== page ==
Several years ago, while on a long, single-day trip to Grand Forks, North Dakota, I landed in Lincoln, Nebraska, late in the afternoon to refuel.
Tanks topped and sandwich in hand, I decided that the remaining portion of my trip was doable based on the current weather reports. I taxied my P210 to the run-up area and did something that has always served me well in the cockpit. I decided to decide again.
After thinking my trip through one more time, I knew that electing to depart didn’t feel right. It was as if I were of two minds regarding the decision. The rational side of me—my first mind—said that the decision was OK. My intuition—my second mind—thought otherwise, but I couldn’t put my finger on the reason why. Only later did I discover that I was a lot more fatigued from a full day of flying than I had suspected.
Most of the time my intuition supports my departure decisions. But when it doesn’t, I’ve learned to listen. Inconvenient as it was, I packed it in for the evening. Unfortunately, there was a convention in town. Without a reservation, I ended up bunking at an advertised five-star hotel (the stars being the number of celestial objects you could see through the rafters at night and the advertising being false). The next morning, after learning several new constellations, I easily made my way to Grand Forks.
Nearly all of our important cockpit decisions are made on a logical level. We consult our decision schematic, plug in the variables of information, analyze, and act—rationally, we hope. That’s because we’re trained to listen to our first mind, and we are half right for doing so. Our second mind has a voice, too, but it tends to whisper rather than shout. It’s only when we create the opportunity to listen to it that we find it often has something valuable to say.
Deciding to decide again is one way we can pay more attention to our intuition, our gut. Once our rational mind makes a decision, the heavy lifting of evaluation and contemplation is done. The rational side of our mind becomes a bit quieter, making room for the voice of the less dominant—but no less valuable—second mind to emerge.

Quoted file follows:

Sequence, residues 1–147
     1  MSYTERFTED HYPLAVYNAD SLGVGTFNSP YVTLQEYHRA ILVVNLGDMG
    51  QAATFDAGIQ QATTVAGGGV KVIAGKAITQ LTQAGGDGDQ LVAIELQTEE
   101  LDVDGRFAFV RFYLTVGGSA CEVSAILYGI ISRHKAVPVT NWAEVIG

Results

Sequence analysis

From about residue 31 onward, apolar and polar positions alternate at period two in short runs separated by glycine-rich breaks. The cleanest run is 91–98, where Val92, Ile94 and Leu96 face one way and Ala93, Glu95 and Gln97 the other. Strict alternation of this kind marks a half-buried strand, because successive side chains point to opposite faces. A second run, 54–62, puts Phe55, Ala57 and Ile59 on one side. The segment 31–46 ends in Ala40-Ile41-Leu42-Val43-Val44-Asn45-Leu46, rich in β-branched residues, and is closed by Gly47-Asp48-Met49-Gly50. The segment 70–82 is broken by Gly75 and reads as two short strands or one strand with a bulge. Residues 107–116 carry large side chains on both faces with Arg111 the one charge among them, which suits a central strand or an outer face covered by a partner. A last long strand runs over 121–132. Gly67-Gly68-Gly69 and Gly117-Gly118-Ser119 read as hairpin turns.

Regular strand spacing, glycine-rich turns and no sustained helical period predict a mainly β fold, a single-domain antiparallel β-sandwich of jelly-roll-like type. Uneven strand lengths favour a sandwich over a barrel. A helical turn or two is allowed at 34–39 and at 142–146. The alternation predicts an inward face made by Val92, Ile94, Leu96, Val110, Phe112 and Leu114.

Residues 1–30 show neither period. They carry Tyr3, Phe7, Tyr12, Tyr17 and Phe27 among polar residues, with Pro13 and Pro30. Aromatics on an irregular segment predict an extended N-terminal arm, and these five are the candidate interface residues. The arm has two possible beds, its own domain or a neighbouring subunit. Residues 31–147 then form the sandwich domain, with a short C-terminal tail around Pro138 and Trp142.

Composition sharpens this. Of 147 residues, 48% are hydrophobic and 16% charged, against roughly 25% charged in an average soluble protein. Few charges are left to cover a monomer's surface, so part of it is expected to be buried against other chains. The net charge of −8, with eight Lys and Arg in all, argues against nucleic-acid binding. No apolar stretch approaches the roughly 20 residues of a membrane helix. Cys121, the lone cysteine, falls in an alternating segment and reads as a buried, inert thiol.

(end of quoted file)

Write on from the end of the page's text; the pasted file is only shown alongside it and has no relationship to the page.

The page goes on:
Take, for example, the pilot who departs IFR into known icing conditions, converts his Cessna into a Frigidaire, and then says to himself, “I knew this was the wrong thing to do.” Without even an introductory waterboarding session, he has willingly confessed to hearing his second mind speak and ignoring its advice. With a little luck, our very naughty iceman cometh down safely, hopefully to contemplate his tachycardia and the error of disregarding his intuitive voice.
While I’d love nothing more than attempting an explanation on how the intuitive mind works, I would need to channel one or more long-deceased French philosophers to do so. This would cause many of you to wish that I were long deceased, too. So we’ll skip that part. It’s not, however, psychobabble to suggest that our second mind often speaks in the language of feeling and emotion.
Here’s an experiment you can do to experience the visceral language of your second mind. The next time you have to make a noncritical decision about which you are conflicted (perhaps a decision on which movie to see or restaurant to visit), do the following. Pull out a coin and before you flip it, let heads be one choice and tails the other. Then, flip the coin. As you lift your hand and the choice is made for you, note your immediate visceral response. Did you feel a rush of pleasure or a pang of disappointment at the result? This is one way to sense what your gut—your second mind—prefers that you do. Of course, what your head—your first mind—wants you to do might be an entirely different matter. Nevertheless, you now have the benefit of listening to two voices instead of one.
Let me be clear here that I’m not advocating flipping a coin as a means of deciding how to fly your airplane. This is simply a nonaviation experiment demonstrating how intuition can make a meaningful contribution to your overall decision-making strategy. Besides, flipping a coin to make aviation decisions only works when you fly solo—otherwise, no one will ever get in an airplane with you again.
Deciding to decide again is a valuable safety tool on several levels. You might, for instance, discover that your logical mind found a wrong branch on the decision tree, leaving you out on a limb. Or perhaps you failed to consider some key piece of information, or didn’t include data that was available (through oversight or wishful thinking). Ultimately, it’s the chance to hear your intuitive mind speak that makes deciding again a particularly useful strategy.
Give your second mind a chance to air its voice, but preferably not in the air. Do this on the ground before departure, where you have the time to listen carefully. Decide, then decide again. Most of the time, both voices will agree. When they don’t, bring out your favorite decision-tree schematic and run through it one more time. If your choice seems sound but your intuition suggests otherwise, it’s a good bet that you’re missing or ignoring something important.
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